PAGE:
People across the United States using a variety of providers lost the internet for a while on Monday, and the problem stemmed from a company most customers have probably never heard of: Level 3. Wired calls it an "internet backbone company," and Slate takes a similar approach, explaining that the Colorado firm "builds and operates the fiber lines making up the internet's backbone." Big providers rely on the infrastructure provided by Level 3, recently bought by CenturyLink, and Comcast seemed to take the biggest hit when the glitch happened about 1pm Eastern on Monday. Spectrum, Verizon, and AT&T customers also had connectivity issues.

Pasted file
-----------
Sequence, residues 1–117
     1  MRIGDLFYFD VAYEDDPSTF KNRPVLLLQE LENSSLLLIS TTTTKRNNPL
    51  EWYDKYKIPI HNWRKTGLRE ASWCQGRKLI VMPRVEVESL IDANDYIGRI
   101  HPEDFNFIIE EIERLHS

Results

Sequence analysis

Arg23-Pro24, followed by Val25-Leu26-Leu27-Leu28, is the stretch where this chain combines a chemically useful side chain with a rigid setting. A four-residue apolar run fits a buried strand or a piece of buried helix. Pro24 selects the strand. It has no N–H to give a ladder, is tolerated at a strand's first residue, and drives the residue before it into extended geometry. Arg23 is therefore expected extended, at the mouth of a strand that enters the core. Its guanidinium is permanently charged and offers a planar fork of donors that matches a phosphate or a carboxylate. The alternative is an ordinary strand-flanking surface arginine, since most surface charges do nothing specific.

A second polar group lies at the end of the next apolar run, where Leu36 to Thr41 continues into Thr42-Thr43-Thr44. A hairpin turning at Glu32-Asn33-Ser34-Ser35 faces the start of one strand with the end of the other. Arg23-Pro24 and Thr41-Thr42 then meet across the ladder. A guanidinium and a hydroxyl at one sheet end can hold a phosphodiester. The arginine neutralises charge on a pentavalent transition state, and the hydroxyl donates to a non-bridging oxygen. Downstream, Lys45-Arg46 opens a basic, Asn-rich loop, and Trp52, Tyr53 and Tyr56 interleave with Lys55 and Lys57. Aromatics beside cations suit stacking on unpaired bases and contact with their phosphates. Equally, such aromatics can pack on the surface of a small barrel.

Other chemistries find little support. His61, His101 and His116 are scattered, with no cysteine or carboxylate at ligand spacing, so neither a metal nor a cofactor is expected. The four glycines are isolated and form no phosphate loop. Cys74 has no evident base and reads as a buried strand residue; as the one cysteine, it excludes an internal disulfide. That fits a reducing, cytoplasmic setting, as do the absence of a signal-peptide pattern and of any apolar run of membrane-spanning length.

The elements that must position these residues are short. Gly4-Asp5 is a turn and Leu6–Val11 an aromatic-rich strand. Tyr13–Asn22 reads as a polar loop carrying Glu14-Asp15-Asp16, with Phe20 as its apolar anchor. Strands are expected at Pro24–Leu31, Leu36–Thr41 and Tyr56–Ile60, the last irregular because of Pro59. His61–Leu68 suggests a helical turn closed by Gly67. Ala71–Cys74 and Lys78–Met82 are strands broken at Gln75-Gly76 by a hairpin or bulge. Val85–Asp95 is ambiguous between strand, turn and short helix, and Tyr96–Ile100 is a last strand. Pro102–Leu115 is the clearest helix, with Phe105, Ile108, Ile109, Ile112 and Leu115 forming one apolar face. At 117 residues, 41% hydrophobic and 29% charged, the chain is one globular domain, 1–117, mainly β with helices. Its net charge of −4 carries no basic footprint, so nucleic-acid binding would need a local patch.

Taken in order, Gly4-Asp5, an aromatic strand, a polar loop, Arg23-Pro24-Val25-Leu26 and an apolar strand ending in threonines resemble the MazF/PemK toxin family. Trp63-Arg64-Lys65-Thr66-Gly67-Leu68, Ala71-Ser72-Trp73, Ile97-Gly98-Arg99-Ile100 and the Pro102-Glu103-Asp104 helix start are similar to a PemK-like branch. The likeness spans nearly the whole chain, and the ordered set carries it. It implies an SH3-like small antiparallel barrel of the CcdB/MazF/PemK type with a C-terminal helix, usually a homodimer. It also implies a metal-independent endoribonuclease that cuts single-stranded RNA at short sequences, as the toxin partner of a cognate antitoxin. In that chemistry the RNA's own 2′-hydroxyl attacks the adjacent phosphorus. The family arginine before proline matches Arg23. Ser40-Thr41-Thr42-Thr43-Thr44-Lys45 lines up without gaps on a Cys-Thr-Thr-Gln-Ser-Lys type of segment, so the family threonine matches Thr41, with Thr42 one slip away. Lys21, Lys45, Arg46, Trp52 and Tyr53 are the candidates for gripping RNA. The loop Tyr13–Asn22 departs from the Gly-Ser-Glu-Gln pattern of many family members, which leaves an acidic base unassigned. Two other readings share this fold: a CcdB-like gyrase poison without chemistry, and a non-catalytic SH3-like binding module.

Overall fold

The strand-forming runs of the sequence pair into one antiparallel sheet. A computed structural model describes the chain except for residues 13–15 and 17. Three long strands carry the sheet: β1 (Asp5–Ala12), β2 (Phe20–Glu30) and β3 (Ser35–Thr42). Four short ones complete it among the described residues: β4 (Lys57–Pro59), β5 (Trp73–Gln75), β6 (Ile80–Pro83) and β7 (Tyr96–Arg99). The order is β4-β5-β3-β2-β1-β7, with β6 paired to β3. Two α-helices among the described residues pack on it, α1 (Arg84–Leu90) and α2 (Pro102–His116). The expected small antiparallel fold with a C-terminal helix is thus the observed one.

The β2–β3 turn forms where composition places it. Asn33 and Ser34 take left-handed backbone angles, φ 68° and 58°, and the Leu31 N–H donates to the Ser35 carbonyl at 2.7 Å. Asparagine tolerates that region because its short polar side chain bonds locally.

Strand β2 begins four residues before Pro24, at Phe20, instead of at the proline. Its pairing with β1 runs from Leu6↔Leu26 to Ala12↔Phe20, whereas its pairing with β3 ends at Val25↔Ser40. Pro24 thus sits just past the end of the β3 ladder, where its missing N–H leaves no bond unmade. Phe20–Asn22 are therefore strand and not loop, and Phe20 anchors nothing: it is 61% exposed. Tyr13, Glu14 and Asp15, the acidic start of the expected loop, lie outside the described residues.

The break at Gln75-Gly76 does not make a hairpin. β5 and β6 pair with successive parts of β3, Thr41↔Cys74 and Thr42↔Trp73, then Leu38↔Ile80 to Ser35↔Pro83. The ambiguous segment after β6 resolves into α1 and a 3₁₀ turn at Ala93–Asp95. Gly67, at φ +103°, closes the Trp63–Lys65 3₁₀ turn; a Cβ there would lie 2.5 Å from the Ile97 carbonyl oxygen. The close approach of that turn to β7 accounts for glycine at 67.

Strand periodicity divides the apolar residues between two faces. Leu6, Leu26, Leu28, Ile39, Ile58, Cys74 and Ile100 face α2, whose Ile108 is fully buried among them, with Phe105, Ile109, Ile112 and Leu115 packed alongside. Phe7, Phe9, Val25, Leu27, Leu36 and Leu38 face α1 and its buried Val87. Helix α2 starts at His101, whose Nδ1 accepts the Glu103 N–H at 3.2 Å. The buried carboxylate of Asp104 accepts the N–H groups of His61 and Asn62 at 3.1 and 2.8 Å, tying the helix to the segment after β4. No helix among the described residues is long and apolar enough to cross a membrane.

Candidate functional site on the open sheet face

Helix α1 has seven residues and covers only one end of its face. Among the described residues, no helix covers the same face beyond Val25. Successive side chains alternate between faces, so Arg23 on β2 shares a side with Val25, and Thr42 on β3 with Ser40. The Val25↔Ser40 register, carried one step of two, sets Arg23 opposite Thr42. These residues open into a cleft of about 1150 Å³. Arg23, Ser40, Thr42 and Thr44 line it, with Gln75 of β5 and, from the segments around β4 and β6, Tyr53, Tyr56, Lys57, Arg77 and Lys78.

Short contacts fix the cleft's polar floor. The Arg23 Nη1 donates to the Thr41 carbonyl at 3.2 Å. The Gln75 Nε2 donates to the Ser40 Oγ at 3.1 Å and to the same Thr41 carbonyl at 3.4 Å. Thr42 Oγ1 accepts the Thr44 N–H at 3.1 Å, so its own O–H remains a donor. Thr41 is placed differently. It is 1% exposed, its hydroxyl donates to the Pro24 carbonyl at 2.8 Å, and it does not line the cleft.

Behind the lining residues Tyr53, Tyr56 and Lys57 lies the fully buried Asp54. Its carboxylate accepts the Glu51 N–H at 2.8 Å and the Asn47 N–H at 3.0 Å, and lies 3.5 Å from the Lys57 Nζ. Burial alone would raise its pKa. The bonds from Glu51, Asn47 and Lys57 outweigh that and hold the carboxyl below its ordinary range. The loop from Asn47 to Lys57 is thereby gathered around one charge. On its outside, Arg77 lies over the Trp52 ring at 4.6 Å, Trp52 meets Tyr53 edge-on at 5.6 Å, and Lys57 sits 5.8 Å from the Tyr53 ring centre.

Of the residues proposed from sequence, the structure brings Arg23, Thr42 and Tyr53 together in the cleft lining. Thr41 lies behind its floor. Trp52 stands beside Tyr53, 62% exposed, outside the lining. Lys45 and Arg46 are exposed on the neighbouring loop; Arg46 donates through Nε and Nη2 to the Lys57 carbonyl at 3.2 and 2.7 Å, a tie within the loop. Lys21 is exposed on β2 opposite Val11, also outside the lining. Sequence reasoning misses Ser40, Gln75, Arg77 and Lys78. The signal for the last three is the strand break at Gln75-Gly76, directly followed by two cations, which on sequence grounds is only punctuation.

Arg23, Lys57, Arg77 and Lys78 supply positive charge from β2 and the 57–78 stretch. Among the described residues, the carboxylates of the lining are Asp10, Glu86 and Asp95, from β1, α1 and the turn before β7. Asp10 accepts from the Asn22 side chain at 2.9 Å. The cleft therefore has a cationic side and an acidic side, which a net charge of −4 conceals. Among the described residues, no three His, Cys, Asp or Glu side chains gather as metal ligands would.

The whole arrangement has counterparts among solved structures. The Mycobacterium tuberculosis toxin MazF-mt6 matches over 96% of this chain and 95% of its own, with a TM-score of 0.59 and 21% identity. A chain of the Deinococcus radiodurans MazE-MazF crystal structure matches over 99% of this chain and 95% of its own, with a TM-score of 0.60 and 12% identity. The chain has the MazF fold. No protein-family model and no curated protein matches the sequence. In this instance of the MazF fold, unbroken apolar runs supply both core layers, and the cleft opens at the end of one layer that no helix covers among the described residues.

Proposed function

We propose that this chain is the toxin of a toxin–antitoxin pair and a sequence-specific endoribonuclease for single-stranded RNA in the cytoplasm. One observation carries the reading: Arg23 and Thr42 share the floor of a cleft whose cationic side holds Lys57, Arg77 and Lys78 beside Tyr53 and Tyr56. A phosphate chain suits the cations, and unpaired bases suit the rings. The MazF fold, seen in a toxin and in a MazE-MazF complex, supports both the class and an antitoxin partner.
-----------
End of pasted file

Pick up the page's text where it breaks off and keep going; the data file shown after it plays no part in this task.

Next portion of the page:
The "configuration issue" took about 90 minutes to fix, per CNN. Those who want to dig into the particulars of the problem should check out the coverage in Wired, which labels it a "route leak." The term refers to the communication routes of IP addresses within and between networks, and in this case, something went haywire in the coordination of them. "Think of it like a series of street signs that help keep traffic flowing in the right directions," writes Lily Hay Newman. "If some of them are mislabeled or point the wrong way, assorted chaos can ensue." The problem is believed to have been caused by a technical glitch, not anything malicious. (Read more Internet stories.)